Of course, what makes the Lecter lecture so brilliant is, again, a very clever double entendre where he's actually saying to Pazzi, I know what you've done and you're going to die shortly and this is how, but he's not actually applying for a combined curator/murderer position, so no one who's evaluating his performance is aware of this secret difficulty level. Unfortunately, because if this were actually a combined curator/murderer position Hannibal would, in fact, be the single most qualified candidate and could stay in Florence, murder-curating forever and it would be awesome. At least, to me.

I really don't think that I'm reading Hannibal Rising, though, because no one seems to have anything good to say about that one.

What I'm reading now

Still reading this biography of Marcus Aurelius, which is highly entertaining. Did you know that young Marcus had a certain rhetoric tutor, Marcus Cornelius Fronto, whose correspondence with him happens to survive even though he wasn't actually one of Marcus's favorite intellectual or philosophical influences or anything, and they both devote a lot of words in those letters to playing a rhetorically-sophisticated game of "I love you more"/"No, I love you more"? The fact that it doesn't appear that they actually liked each other much at all is what makes it so hilarious.

What I'm reading next

New Temeraire book! :D

This entry was originally posted at http://mayhap.dreamwidth.org/241084.html, where there are comment count unavailable comment(s). You can comment there using a DW account or OpenID, as well as anonymously!
  • Current Mood: geeky geeky
I did know about Marcus Aurelius and Fronto (I mean, I should, after all). :) If you're interested in reading more about them, the place to look is Amy Richlin's work: she's published a translation of the letters, and her website indicates she's still working on a book about the reception of them. There is a (not terribly positive) review of her translation in the BMCR here, if you read French. (And everyone should read Amy Richlin, because she is AWESOME.)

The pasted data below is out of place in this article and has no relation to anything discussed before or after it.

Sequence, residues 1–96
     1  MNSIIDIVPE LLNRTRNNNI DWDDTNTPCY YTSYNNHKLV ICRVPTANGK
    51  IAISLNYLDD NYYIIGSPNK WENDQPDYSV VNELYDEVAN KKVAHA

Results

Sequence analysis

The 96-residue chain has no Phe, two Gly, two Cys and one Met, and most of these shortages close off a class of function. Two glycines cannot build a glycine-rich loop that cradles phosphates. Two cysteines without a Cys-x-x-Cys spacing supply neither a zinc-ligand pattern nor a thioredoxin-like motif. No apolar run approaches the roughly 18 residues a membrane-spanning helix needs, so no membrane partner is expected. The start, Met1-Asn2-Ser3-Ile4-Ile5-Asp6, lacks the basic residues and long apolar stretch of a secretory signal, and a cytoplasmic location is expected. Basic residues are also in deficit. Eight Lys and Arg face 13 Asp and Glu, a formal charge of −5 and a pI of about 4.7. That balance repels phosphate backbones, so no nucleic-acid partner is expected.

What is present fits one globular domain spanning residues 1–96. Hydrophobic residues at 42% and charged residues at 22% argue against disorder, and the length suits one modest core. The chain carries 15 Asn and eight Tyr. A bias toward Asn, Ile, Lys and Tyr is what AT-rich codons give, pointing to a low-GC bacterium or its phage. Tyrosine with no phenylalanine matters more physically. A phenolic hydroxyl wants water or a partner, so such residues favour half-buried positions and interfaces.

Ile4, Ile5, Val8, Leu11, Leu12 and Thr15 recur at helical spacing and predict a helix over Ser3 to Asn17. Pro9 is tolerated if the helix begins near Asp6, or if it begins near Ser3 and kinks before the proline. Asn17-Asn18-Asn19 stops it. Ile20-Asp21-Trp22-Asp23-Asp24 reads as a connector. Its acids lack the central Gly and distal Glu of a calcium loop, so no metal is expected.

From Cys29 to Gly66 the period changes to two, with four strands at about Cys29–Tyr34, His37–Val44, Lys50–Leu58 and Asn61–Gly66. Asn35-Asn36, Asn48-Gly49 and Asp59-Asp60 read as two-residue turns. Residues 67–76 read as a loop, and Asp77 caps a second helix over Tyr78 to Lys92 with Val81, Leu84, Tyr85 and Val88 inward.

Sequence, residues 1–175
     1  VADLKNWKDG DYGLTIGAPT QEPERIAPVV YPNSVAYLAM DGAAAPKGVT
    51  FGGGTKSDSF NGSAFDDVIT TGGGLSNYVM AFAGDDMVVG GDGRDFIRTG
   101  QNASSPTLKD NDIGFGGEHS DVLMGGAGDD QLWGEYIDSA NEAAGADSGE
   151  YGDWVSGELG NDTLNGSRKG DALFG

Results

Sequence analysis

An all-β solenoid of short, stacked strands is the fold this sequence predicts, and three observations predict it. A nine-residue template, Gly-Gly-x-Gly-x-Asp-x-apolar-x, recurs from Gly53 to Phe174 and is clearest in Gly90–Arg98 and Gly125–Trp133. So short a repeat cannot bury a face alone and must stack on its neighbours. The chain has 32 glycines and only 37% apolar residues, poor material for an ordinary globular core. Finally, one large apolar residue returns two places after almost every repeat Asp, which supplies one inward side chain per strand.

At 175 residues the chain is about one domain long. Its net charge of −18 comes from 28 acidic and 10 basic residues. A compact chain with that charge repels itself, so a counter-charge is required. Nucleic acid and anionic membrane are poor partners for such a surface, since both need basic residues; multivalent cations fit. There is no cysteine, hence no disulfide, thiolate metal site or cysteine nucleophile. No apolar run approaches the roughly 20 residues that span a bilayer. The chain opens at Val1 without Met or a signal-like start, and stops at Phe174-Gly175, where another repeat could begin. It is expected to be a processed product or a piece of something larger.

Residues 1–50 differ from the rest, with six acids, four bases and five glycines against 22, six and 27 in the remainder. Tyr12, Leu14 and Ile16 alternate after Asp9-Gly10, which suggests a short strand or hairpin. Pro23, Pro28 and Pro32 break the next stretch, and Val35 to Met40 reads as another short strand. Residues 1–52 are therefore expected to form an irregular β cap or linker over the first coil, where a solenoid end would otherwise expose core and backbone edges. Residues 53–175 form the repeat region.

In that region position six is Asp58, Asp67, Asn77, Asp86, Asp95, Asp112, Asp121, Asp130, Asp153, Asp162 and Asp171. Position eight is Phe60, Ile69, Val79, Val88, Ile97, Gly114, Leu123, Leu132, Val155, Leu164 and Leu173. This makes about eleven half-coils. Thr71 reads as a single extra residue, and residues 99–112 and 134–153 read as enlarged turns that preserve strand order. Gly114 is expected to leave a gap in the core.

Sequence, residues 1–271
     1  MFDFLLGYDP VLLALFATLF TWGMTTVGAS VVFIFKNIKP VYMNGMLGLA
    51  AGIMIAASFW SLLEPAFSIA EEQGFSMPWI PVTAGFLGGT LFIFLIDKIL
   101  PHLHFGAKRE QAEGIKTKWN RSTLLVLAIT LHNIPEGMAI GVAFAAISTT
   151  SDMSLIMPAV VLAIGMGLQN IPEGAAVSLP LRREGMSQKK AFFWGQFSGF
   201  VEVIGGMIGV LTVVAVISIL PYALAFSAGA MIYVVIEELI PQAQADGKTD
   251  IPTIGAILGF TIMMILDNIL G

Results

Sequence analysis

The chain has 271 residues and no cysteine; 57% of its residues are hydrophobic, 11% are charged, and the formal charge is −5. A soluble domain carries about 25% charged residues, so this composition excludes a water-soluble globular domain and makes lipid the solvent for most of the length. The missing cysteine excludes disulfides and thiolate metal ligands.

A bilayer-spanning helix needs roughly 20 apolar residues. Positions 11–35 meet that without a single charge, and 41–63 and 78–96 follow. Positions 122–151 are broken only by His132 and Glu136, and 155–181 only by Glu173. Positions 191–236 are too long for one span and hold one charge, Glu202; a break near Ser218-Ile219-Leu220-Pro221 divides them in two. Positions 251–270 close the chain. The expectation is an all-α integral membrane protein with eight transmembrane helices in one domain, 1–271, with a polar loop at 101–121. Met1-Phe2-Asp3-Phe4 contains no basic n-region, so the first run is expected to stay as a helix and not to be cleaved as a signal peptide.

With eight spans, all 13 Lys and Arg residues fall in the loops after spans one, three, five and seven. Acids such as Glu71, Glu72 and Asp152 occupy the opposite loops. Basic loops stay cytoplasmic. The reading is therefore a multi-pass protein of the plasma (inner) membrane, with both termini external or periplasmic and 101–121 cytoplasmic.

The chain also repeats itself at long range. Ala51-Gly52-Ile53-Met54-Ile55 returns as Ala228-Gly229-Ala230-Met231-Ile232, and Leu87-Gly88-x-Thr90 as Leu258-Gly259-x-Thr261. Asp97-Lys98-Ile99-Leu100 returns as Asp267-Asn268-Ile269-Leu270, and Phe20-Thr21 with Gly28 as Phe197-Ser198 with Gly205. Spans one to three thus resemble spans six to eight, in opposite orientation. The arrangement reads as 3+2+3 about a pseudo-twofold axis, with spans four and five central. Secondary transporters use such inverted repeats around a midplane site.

Edited at 2013-08-14 08:55 pm (UTC)
Awesome! I put in an interlibrary loan request for Marcus Aurelius in Love, so with any luck I should get it soonish. The snotty French review actually makes it sound even more interesting. :)
Hooray for ILL! Amy Richlin is my faaaaaaavorite Classicist (seriously, I fangirl her *SO* much). :)
if this were actually a combined curator/murderer position Hannibal would, in fact, be the single most qualified candidate and could stay in Florence, murder-curating forever and it would be awesome.

I wish to subscribe to this series! Well, when I stop giggling, that is...
"And over here in temporary exhibits we have a series of waxworks depicting the nine circles of Dante's Inferno."

"Gah!"

"Very lifelike, are they not? Our curator crafts them in his spare time."

"Are those…are those flies on the waxworks?"

"Yes, his attention to detail is superb."

"This exhibit is temporary, you say?"

"Oh, don't worry, there'll be another one to replace it soon enough."

Edited at 2013-08-16 03:14 pm (UTC)